After Paramount Pictures released the first trailer for its "Sonic the Hedgehog" movie last April, the film seemed doomed to an increasingly common fate in Hollywood -- death by internet backlash.
Footage from the live-action/computer-animation hybrid, based on Sega's flagship video game franchise, drew fury from fans who described the famed blue speed demon's design as "nightmare fuel," with many citing his unnervingly humanoid teeth.
For Jeff Fowler, the first-time feature director tasked with bringing Sonic to life, the rebuke stung. But the 41-year-old visual effects veteran quickly rallied his team in Culver City to take the unusual step of redesigning the character to more closely resemble the hedgehog first introduced in 1991.
"I allowed myself an hour or two where I was feeling pretty sorry for myself," Fowler told The Times. "But then it was like, 'You know what? You've got to get everybody excited about doing the revision, as crazy as that sounds.' There was definitely a bit of a pep talk, but it was all genuine because I really believed it was a problem that could be solved."
Social media can be unforgiving for studios trying to bring nostalgic intellectual properties to the big screen. In a business dominated by titles based on already beloved characters and stories, studios must often grapple with how much to cater to any given franchise's most vocal fan base.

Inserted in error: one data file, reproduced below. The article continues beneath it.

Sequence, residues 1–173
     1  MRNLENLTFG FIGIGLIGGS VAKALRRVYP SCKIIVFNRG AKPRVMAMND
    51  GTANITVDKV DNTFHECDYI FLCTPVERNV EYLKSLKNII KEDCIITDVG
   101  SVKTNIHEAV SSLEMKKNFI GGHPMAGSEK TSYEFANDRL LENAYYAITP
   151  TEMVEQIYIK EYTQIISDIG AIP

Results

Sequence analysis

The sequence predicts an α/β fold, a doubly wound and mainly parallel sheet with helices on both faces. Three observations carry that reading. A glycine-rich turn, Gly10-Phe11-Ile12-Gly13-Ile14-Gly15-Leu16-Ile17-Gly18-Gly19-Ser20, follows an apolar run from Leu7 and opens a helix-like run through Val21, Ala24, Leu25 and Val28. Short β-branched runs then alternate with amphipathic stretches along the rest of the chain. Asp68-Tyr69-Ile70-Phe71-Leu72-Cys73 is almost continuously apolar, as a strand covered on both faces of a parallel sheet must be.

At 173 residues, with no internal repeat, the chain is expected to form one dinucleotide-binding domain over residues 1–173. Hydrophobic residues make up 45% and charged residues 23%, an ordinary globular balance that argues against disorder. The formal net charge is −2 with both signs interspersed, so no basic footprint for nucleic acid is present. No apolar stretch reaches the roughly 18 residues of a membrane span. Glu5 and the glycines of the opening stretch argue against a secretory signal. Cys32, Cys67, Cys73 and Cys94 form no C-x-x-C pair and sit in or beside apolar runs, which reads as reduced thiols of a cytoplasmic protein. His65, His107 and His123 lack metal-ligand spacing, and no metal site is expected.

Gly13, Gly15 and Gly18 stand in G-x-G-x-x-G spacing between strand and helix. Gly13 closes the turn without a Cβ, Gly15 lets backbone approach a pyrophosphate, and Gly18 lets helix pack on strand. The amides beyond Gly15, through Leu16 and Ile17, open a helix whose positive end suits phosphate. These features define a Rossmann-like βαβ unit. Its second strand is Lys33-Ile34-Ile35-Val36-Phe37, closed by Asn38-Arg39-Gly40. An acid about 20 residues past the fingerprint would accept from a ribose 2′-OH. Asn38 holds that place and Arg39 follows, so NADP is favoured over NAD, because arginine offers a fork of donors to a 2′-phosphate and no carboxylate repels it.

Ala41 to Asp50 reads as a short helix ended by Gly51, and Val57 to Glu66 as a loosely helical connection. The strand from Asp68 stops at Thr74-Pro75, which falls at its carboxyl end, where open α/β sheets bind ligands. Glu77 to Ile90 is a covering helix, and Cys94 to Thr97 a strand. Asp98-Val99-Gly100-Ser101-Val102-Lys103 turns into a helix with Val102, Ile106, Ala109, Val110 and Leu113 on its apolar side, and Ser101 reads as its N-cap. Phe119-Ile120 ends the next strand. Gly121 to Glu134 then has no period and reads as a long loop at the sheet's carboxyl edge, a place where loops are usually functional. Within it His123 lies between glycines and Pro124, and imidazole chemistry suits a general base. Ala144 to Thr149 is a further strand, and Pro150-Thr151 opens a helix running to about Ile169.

Universal Pictures' "Cats," based on the Andrew Lloyd Webber musical, never recovered from its first trailer, which was widely jeered for its jarring digital effects that turned its actors into CGI human-feline hybrids. After months of serving as the butt of online gags, the film flopped at the box office. On the other hand, Walt Disney Studios refused to cave to online snark directed at Will Smith's blue-skinned genie in the initial marketing for last year's "Aladdin" remake. That movie grossed more than $1 billion.
Reshoots have become commonplace on big-budget studio movies, but rarely are they done in response to such a public outcry over marketing materials. For Fowler and ViacomCBS-owned Paramount, however, it was obvious "Sonic" needed a makeover. Fowler tweeted several days after the backlash, promising changes were coming. After that, Paramount and Sega kicked in an estimated $5 million for the revisions, and delayed the release by about three months so fixes could be made.
The problem with the first design was "too much realism," Fowler said. On the next attempt, the filmmakers embraced the "cartooniness" of the character, making the eyes bigger and the teeth less visible.
"It's a 'Sonic the Hedgehog' movie, and the fans who've been loving this character for 30 years are the ones we needed in our corner," Fowler said. "It was definitely a challenge but a very exciting one, once it all clicked."
If the PG-rated movie succeeds when it's released this weekend, it could generate a much-needed new family-friendly franchise for Paramount, which is looking to recover from years of box-office struggles.